Winds of Change - Spring 2017 - 26

GARY BURNETTE
(Continued from page 25)

American Indians, which gives me the
chance to participate in programs
such as AISES and be hands-on at
conferences and with recruiting."
His conversations with students
give him plenty of openings to talk
about opportunities at IBM. "More
often than not, I hear students say
they want to solve 'real-world
problems.' They talk about health
issues impacting their families and
communities and finding other ways
to make a difference, such as
environmental issues, land use, water
availability, and climate change,"
Burnette says.
That gives him the connection.
"IBM shares some of these same
passions," he explains. "We've got a
broad portfolio of solutions that
align with these objectives and
culturally." From cancer treatment to
sustainability solutions, food
distribution to underserved
communities or public safety,
Burnette says that Native STEM
professionals can find a home at IBM,
where they can "make a difference and
start building their own personal list
of accomplishments."
During those mentoring sessions,
Burnette says that "one of the best
pieces of advice I can give to anyone
at that stage of life is you must
recognize you are your own brand.
And just like any well-known brand,
you will be known by what the people
you encounter perceive about you,
your skills, abilities, and experiences
- and also by your integrity and the
trust others will build in you."
Burnette recommends that
students find a mentor or coach.
"Mentors will provide insight and
challenge you," he says. "They will
give you needed feedback and advice
and - who knows - they may even
help you find a job someday.
Someone once said to me, everyone
is looking for a unicorn. Whose
unicorn are you?"
- Debra Utacia Krol
26 WINDS OF CHANGE * SPRING 2017

THE SCIENCE
BEHIND THE SERVICE
AT&T DISCOVER
The heritage of AT&T is anchored in
individual creativity dating back to
Alexander Graham Bell. His invention of
the telephone in 1876 was the foundation
of today's global communications giant,
known for innovations like leadership in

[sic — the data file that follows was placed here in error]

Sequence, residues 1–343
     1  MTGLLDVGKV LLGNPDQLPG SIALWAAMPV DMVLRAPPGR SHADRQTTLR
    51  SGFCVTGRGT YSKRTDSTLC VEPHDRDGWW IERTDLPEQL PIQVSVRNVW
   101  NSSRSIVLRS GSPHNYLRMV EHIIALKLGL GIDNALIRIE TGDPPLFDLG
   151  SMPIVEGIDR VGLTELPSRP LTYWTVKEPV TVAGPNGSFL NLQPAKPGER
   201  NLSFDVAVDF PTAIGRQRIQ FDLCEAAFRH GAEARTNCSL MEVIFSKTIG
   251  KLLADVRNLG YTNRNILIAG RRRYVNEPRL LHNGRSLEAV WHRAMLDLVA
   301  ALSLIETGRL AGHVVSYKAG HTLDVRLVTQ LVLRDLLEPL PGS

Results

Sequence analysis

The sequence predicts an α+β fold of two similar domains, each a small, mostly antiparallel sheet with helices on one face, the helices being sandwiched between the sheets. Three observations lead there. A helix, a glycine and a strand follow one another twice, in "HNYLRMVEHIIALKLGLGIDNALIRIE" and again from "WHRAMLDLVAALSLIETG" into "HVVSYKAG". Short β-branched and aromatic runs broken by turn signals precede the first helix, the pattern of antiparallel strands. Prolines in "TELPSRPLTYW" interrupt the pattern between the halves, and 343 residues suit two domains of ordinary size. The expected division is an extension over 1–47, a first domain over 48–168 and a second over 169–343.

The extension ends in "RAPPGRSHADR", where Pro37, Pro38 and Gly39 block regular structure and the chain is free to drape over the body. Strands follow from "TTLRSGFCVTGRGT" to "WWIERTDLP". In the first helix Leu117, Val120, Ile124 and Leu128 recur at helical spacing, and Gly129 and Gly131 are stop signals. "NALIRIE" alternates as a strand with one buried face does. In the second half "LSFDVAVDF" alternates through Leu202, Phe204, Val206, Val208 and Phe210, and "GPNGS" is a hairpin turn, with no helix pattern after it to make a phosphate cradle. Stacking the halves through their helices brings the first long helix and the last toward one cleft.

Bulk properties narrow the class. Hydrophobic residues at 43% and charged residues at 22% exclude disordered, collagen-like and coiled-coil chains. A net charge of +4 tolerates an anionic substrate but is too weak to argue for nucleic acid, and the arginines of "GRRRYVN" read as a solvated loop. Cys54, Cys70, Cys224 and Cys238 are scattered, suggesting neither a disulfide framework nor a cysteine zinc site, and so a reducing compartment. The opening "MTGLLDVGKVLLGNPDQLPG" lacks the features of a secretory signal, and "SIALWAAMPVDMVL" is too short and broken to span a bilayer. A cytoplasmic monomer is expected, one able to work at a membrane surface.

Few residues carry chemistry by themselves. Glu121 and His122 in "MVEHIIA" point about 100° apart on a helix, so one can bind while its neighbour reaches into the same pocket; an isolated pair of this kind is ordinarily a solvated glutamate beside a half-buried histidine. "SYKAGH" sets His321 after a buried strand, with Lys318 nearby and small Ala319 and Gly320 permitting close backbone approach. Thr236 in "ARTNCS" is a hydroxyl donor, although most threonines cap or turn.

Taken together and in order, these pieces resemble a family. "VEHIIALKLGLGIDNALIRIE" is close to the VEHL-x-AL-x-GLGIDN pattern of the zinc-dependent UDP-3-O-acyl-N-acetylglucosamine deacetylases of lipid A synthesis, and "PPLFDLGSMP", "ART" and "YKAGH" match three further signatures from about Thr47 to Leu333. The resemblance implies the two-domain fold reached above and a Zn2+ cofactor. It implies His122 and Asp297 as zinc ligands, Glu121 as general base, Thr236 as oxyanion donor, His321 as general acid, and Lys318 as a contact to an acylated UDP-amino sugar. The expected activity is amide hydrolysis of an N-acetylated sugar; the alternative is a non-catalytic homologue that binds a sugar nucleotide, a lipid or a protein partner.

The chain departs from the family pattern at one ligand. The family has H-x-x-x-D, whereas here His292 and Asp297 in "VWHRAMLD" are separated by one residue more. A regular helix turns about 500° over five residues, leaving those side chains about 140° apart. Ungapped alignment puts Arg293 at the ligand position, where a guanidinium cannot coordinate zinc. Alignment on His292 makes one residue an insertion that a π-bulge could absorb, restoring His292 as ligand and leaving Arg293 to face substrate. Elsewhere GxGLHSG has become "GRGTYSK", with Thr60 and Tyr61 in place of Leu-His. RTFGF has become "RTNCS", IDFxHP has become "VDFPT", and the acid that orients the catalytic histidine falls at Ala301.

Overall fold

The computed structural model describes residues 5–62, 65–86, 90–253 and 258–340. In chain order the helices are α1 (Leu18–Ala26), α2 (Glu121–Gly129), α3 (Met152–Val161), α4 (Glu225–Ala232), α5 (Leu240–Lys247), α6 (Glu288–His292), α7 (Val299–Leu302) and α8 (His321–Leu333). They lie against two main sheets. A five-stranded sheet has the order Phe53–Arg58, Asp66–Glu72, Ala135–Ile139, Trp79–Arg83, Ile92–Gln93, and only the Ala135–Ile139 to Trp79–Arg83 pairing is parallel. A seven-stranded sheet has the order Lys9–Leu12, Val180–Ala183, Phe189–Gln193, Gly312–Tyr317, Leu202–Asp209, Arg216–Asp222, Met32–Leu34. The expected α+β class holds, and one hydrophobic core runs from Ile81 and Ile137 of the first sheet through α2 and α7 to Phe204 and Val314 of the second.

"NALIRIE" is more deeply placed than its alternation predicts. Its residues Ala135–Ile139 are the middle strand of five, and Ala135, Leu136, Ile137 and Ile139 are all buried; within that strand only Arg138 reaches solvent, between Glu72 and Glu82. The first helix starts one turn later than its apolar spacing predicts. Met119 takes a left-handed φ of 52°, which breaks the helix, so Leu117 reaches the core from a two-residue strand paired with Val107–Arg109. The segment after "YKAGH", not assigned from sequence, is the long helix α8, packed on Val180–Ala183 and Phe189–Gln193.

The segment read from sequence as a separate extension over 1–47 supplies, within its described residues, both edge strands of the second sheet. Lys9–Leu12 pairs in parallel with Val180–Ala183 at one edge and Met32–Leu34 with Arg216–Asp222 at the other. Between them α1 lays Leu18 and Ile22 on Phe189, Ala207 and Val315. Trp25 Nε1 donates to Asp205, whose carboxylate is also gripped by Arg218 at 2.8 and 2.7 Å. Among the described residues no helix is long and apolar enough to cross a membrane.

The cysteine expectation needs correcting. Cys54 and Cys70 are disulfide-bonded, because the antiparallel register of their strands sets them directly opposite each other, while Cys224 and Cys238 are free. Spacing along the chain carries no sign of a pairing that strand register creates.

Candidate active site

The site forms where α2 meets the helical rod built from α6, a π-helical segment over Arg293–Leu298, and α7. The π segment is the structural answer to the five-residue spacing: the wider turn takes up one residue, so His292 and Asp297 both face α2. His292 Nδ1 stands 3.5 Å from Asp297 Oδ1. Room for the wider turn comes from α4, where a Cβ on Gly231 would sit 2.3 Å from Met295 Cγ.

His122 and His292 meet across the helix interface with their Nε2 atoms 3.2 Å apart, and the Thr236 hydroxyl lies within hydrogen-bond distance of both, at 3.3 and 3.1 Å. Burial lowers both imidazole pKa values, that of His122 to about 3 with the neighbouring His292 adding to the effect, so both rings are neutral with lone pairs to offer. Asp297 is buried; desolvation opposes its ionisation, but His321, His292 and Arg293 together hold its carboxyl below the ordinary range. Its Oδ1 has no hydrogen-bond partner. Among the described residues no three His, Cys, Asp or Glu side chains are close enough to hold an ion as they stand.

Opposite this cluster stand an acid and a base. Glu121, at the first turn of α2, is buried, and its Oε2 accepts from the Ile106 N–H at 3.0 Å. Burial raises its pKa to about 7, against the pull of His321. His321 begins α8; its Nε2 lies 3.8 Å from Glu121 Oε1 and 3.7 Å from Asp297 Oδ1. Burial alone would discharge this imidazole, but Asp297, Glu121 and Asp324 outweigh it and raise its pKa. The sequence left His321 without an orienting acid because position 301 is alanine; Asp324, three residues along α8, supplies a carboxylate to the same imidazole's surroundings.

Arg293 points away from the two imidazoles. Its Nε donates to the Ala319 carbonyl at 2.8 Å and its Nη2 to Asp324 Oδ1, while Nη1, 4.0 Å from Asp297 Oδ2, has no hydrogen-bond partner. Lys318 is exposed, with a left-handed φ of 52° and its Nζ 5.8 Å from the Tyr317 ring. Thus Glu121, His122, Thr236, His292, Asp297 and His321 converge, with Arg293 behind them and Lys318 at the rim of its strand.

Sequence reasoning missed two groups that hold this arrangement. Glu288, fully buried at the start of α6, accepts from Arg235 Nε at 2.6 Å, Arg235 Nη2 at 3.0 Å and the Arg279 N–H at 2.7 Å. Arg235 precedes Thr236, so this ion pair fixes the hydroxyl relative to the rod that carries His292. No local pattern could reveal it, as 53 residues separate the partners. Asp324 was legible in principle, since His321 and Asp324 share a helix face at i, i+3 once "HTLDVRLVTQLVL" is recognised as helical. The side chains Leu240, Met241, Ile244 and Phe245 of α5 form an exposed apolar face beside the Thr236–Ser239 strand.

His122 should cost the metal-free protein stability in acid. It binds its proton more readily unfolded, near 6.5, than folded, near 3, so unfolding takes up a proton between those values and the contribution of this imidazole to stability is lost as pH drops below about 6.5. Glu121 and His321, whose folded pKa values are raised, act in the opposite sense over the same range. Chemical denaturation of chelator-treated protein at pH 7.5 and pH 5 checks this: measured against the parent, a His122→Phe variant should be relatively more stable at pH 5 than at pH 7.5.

developing the mobile internet. From the
company's earliest beginnings, its mission
has been to connect people. Today it is
doing just that through ever-smarter
technology. AT&T Labs plays a big part in
that heritage, drawing on 140 years of
innovation that has garnered eight Nobel
Prizes and more than 12,000 patents
worldwide.
For AT&T employees, that worldwide
reach translates to a workplace that
embraces diversity. The organization
currently does business in more than 160
languages, so AT&T clearly understands that in order to serve its customers, it must
be culturally relevant - and to accomplish that, AT&T staff members must be
representative of the world's peoples. The company works hard to recruit the
brightest individuals from all walks of life and all backgrounds to lead the innovation
the company is known for.
The company is also proud of its diversity leadership, which includes rewarding
performance and holding senior management accountable for diversity initiatives,
often driven from the top by the Chairman's Diversity Council. The company
currently has nine employee networks and a dozen employee resource groups,
including the Inter-Tribal Council of AT&T Employees. (For more on the Inter-Tribal
Council, see page 39.) The company's award-winning support for education and
training, also important to the high satisfaction of employees, has helped make AT&T
the world's largest communications company.

Ebe well into a successful
lroy Largo, Navajo, may

ELROY LARGO

NAVAJO
__________________
SENIOR NETWORK
PLANNING ENGINEER
AT&T

career, but he still enjoys
learning. And he attributes
his professional growth
during his nearly 20 years
at AT&T to his openness to
acquiring more skills,
whether it's on the job or
in a classroom.
Largo credits his love
of learning to his parents,
who instilled in him the
importance of getting a
good education and
persevering to achieve his
goals. "They have always
worked hard and have
been great role models,"
says Largo, who was a
first-generation college
student. "They encouraged me to do well in
school and in my job and

to make the most of my
opportunities."
He has certainly done
that, having earned two
master's degrees - one in
information management
from the University of
Washington and one in
business administration
from Redlands University.
"I enjoy school quite a bit,"
says Largo. And apparently
his appreciation for
education has had a
positive and lasting
impression on his siblings
and extended family, as
most of them have also
decided to pursue higher
education.
Shortly after graduating
from the University of
Oklahoma, where he
earned a BS in business
aises.org


http://www.aises.org

Winds of Change - Spring 2017

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